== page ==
Search results for LRP1

Showing 14 results out of 14

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Species

Types

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Protein (5 results from a total of 5)

Identifier: R-HSA-2424272
Species: Homo sapiens
Compartment: plasma membrane
Primary external reference: UniProt: LRP1: Q07954
Identifier: R-HSA-1454844
Species: Homo sapiens
Compartment: plasma membrane
Primary external reference: UniProt: LRP1: Q07954
Identifier: R-HSA-2230981
Species: Homo sapiens
Compartment: endocytic vesicle membrane
Primary external reference: UniProt: Q07954
Identifier: R-HSA-2424260
Species: Homo sapiens
Compartment: plasma membrane
Primary external reference: UniProt: LRP12: Q9Y561
Identifier: R-HSA-2424275
Species: Homo sapiens
Compartment: plasma membrane
Primary external reference: UniProt: LRP10: Q7Z4F1

Interactor (2 results from a total of 2)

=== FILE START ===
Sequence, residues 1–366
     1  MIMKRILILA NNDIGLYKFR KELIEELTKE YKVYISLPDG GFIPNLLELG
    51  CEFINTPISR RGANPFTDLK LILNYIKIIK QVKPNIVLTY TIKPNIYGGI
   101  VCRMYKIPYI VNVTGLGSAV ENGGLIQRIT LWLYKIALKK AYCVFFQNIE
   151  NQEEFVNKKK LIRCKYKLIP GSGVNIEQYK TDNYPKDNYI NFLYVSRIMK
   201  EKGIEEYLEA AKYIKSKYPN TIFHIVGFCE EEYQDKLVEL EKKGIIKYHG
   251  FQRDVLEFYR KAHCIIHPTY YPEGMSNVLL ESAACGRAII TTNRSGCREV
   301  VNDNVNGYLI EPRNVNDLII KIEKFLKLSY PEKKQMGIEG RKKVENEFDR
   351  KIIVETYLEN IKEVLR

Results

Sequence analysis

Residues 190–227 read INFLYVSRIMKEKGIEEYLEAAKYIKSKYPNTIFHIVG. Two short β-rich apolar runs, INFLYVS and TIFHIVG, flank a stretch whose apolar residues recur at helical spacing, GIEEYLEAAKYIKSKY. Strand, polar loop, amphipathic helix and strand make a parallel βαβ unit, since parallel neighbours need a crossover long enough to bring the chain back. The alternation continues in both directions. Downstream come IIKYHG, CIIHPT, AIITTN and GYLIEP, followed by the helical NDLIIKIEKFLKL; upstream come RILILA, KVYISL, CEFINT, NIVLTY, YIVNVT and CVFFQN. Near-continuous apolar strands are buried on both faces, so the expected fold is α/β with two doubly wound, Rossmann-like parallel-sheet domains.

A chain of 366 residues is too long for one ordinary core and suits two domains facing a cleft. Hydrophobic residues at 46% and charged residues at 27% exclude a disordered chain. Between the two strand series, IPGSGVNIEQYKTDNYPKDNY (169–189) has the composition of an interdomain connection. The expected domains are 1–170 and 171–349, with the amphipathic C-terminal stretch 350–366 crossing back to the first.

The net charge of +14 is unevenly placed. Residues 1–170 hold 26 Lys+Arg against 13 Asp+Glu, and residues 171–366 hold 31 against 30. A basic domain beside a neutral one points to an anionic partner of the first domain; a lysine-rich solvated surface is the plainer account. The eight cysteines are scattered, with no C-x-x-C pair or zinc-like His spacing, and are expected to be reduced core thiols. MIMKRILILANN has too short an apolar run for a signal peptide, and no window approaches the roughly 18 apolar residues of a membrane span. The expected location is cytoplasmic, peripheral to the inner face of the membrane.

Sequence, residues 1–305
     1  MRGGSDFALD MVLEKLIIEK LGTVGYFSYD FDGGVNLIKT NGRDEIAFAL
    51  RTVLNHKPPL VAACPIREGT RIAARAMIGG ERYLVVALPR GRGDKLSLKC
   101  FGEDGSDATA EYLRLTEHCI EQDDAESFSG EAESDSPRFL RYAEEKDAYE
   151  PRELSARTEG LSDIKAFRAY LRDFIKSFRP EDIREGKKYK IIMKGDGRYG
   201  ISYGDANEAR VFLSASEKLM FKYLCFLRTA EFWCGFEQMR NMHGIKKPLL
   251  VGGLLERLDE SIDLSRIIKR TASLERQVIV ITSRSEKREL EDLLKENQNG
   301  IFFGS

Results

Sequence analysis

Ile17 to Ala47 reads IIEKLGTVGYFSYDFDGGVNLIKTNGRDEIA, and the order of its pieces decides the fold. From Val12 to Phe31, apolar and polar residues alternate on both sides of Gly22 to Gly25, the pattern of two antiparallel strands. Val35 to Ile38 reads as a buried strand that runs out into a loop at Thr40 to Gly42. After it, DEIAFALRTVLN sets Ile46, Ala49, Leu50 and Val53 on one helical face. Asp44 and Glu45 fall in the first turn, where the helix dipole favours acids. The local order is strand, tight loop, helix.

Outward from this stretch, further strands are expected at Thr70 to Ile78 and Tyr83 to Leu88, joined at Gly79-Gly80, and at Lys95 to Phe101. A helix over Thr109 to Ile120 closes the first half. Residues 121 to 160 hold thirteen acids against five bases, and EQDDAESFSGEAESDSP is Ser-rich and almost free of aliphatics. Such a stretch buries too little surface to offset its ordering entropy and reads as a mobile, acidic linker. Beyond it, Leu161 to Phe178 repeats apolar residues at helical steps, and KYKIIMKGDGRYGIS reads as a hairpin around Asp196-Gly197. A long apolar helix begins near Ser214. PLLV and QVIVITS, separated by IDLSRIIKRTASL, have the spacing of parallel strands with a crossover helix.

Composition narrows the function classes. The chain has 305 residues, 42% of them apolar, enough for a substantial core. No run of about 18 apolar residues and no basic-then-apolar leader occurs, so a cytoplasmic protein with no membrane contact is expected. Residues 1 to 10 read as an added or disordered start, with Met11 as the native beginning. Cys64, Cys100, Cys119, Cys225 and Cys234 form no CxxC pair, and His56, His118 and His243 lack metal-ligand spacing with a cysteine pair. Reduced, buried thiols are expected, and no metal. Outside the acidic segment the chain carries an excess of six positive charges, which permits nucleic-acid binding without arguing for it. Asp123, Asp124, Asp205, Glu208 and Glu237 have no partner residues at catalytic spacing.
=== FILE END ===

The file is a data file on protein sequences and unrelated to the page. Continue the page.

Identifier: Q07954-2
Species: Homo sapiens
Primary external reference: UniProt: Q07954-2
Identifier: Q9NZR2
Species: Homo sapiens
Primary external reference: UniProt: Q9NZR2

Reaction (4 results from a total of 4)

Identifier: R-HSA-2168897
Species: Homo sapiens
Compartment: extracellular region, plasma membrane
Once formed in the plasma, the hemopexin:heme complex is rapidly cleared from circulation and it is taken up by the liver (Smith and Morgan 1984, Smith and Morgan 1985, Tolosano et al. 2010, Vinchi et al. 2008), where heme is degraded by heme oxygenases. In mouse, rat and rabbit several experimental evidences led to the postulation of a specific receptor on hepatocytes with high affinity for the hemopexin:heme complex (Smith and Morgan 1981, Smith and Morgan 1984, Smith et al, 1988, Smith et al., 1991), but such a receptor has not been identified to date. The only known hemopexin:heme receptor is LRP1 (CD91) that is ubiquitously expressed and has a low affinity for the complex. LRP1 is a multi-ligand scavenger receptor, involved in endocytosis in some cells types, for example macrophages, and in signaling in other cell types (reviewed in Boucher and Herz 2011). LRP1 is known to act in the metabolism of lipoprotein and it is expressed in several cell types including macrophages, hepatocytes and neurons. Among several ligands, LRP1 (CD91) can bind the hemopexin:heme complex (Hvidberg et al. 2005).
Identifier: R-HSA-2230983
Species: Homo sapiens
Compartment: endocytic vesicle membrane, plasma membrane